Computer Science 6967/4968

Fall 2017

**Instructor: Elliot Anshelevich**

311 Lally Hall, 518-276-6491

**Time and Place:** Mondays and Thursdays,
2:00pm-3:50pm, Location TBD

**Office Hours:** Monday and Thursday 4:00pm-5:00pm (or by appointment)

**Announcements:**

**Course Overview**

Algorithms with provable guarantees on the quality of their solutions are a powerful way of dealing with intractable problems. This course is an advanced course in approximation algorithms; it will cover fundamental techniques for designing approximation algorithms as well as more specialized topics. Possible topics include: semi-definite and linear programming, iterated rounding, metrics and cuts, primal-dual methods, online algorithms, and approximations in game theory, markets, and auctions. We will look at algorithms in a variety of settings; some of these may include social networks, graph partitioning, network design and routing, traveling salesman problems, and many applications in communication networks. Course Learning Objectives: Students who successfully complete this course will be able to analyze and design efficient approximation algorithms for a variety of computational problems. They will also be able to communicate their ideas in the form of precise algorithm descriptions and rigorous proofs.

**Pre-requisites and Books**

CSCI 4020/6210 is a pre-requisite for this class. The course textbook is:

- Williamson/Shmoys: The Design of Approximation Algorithms

- Vijay Vazirani: Approximation Algorithms
- Hochbaum: Approximation Algorithms for NP-Hard Problems
- Motwani/Raghavan: Randomized Algorithms
- Kleinberg/Tardos: Algorithm Design
- Garey/Johnson: Computers and Intractability

- Nisan/Roughgarden/Tardos/Vazirani: Algorithmic Game Theory

- Karlin/Peres: Game Theory, Alive
- Roughgarden: Twenty Lectures on Algorithmic Game Theory
- Easley/Kleinberg: Networks, Crowds, and Markets.
- Fudenberg/Tirole: Game Theory.
- Jackson: Social and Economic Networks.

**Homework, Exams, and Grading**

Although most of the lectures will be drawn from the textbooks, we will cover many topics that do not appear in the text, and the textbooks include material that we will not cover in class. You are responsible for the content of the lectures. If you miss a lecture make sure to get notes from another student, or ask the instructor about the topics covered. Students are encouraged to attend all classes. Your active in-class participation will be a substantial part of your learning process, and will be taken into consideration when final grades are determined.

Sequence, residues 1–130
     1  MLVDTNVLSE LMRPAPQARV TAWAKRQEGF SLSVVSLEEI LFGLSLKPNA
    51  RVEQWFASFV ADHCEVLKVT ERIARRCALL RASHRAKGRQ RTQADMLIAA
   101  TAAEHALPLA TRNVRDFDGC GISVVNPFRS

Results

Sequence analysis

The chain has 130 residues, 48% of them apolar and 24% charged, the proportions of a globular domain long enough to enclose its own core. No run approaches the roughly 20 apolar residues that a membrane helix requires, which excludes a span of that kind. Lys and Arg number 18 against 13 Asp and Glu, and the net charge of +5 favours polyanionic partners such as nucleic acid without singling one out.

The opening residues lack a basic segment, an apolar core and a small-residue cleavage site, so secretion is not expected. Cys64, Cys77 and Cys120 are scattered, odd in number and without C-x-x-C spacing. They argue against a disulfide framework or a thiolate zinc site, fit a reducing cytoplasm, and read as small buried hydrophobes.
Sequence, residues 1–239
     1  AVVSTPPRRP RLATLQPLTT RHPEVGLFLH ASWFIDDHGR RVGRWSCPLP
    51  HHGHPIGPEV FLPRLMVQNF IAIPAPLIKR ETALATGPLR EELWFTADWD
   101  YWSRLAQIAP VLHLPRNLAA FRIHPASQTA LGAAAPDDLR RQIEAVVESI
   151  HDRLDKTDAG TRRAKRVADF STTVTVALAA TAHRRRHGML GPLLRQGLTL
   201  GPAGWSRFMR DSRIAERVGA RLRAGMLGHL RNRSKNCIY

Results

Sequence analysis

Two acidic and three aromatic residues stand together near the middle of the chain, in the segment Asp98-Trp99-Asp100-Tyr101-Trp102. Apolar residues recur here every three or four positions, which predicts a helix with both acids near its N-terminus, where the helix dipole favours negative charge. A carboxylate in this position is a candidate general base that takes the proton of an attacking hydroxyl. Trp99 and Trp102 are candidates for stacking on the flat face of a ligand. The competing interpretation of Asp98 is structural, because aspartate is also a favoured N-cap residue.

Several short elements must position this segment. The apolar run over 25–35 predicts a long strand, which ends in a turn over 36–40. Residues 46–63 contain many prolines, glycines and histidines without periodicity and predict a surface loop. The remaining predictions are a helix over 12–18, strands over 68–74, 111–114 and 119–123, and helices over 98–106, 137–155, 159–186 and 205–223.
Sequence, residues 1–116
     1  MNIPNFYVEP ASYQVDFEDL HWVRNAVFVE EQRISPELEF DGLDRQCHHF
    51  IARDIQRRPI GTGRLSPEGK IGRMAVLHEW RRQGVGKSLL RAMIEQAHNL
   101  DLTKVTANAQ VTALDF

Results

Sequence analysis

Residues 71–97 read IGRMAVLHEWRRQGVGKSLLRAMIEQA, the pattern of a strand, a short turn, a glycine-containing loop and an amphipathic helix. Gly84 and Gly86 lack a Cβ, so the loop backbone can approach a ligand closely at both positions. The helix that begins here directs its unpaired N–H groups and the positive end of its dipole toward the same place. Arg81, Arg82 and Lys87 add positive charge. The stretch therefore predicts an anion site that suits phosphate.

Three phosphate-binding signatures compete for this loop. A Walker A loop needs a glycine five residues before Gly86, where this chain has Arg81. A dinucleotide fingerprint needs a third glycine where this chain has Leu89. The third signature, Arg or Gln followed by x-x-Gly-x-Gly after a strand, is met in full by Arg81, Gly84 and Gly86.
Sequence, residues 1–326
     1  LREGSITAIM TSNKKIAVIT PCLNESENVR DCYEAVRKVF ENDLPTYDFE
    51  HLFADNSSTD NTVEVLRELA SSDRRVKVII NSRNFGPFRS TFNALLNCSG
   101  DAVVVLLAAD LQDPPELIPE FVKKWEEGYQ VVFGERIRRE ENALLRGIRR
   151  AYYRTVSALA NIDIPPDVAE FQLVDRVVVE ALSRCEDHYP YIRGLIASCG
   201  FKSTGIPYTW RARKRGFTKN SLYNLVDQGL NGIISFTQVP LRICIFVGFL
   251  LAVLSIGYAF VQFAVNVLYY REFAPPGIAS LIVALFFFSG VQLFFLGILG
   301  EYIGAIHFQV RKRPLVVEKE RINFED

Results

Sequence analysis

Homeworks will be assigned approximately every 2 weeks. There will not be any programming assignments. Homeworks should be handed in at the beginning of lecture on the day they are due. Late homeworks will not be accepted, except in case of a genuine emergency. An exception to this is that every student is allocated two late days, which allow the student to turn in the homework during the class following the due date (e.g., on a Monday instead of a Thursday). Any request to re-evaluate a grade must be made within one week of the return date of the homework or exam in question. You must explain why you think your grade should be changed in writing, and submit your request together with the original problem solution. The second grade will remain.

You are allowed (and encouraged) to discuss homework problems with other members of the class, and to formulate ideas together. However, everyone must write up their assignments separately, and include the names of everyone you discussed the assignment with. You may not copy (or near-copy) a solution from another student or another source; everything you turn in must be your own work. Failure to write the solution to a homework completely on your own will be considered a breach of academic integrity, and may result in the final grade being reduced by a letter and a 0-grade for the homework for both parties. You can use the class textbooks when thinking about problems, but no other sources. No collaboration is allowed during exams.

You are required to prove your statements, unless otherwise specified. If a homework or exam question asks you to design an algorithm for a certain task, then the answer must consist of a description of the algorithm (an English description is fine), as well as an analysis of its running time and a proof of its correctness.

There will be a take-home midterm exam, as well as a non-take-home final exam during finals week. Unlike the homeworks, you must complete them entirely on your own. The final exam will be worth 30% of your grade, the midterm 20%, and the homework will be worth 50%. Final scores will correspond to the following letter grades: A/A-: 85-100; B+/B/B-: 70-85; final scores of less than 70 percent will result in a failing grade.